Elizabeth Jennings Papers
Elizabeth Jennings (1926–2001) was one of the twentieth century’s best-loved and most significant English poets.
Born in Lincolnshire, she moved to Oxford with her family at the age of six, and began to write poetry in her teens.
She read English at St Anne’s College, Oxford, between 1944 and 1947, and in the late ’40s her poetry began to win critical acclaim.
Her first slender collection, Poems, was published by the Fantasy Press in 1953, followed by the more substantial A Way of Looking in 1955, which won a Somerset Maugham award. Jennings received many literary prizes, including the Queen’s Gold Medal for Poetry, and she was awarded a CBE in 1992.
Along with the work of other members of the literary group known as the Movement, her poetry displays ‘a love of simplicity, a dislike of any facetious mystification or decoration, and a willing acceptance of rhyme and metrical regularity.’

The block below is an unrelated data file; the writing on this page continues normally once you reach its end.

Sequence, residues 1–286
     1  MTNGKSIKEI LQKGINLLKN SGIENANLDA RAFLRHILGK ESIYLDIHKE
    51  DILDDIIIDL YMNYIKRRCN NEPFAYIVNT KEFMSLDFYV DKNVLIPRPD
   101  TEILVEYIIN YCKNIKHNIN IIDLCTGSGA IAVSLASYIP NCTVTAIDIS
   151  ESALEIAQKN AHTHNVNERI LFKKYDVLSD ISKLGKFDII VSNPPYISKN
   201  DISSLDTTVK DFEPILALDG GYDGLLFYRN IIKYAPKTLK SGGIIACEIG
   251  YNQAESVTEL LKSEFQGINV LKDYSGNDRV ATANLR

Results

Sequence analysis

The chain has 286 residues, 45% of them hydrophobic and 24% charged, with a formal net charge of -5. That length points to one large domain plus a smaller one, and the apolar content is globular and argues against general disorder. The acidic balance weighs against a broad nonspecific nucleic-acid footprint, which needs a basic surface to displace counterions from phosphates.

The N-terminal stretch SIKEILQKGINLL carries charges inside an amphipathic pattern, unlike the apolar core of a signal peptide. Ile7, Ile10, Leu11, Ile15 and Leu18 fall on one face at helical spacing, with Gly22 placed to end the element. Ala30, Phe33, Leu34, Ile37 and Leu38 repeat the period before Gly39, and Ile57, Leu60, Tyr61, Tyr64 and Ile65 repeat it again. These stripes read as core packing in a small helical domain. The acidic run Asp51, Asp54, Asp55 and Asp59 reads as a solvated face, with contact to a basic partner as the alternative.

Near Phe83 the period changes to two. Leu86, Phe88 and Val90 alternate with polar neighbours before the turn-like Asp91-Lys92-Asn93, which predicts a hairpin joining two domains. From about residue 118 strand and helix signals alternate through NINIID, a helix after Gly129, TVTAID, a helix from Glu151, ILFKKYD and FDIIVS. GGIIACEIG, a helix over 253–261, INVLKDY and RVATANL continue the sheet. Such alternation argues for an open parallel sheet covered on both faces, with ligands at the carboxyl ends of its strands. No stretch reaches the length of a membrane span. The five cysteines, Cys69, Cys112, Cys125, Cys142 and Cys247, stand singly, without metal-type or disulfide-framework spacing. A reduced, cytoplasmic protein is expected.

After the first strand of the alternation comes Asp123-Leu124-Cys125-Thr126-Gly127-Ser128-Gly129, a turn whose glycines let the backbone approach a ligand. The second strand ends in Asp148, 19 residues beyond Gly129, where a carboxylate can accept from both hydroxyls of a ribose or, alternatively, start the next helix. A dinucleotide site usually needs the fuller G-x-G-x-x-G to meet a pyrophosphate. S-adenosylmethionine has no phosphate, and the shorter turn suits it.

The collection comprises six folders of holograph manuscript poems, some signed by Elizabeth Jennings. These were donated to the Library by Jennings’s estate in 2006.
These were augmented in 2011 with the purchase of a collection of over forty holograph drafts of many of her best-known poems; a number of letters to Jennings from, among others, Seamus Heaney, Kingsley Amis, John Gielgud and Veronica Wedgwood; six studio photographs; and a small collection of books owned by Jennings, the majority inscribed by or dedicated to her.
Unpublished accession lists.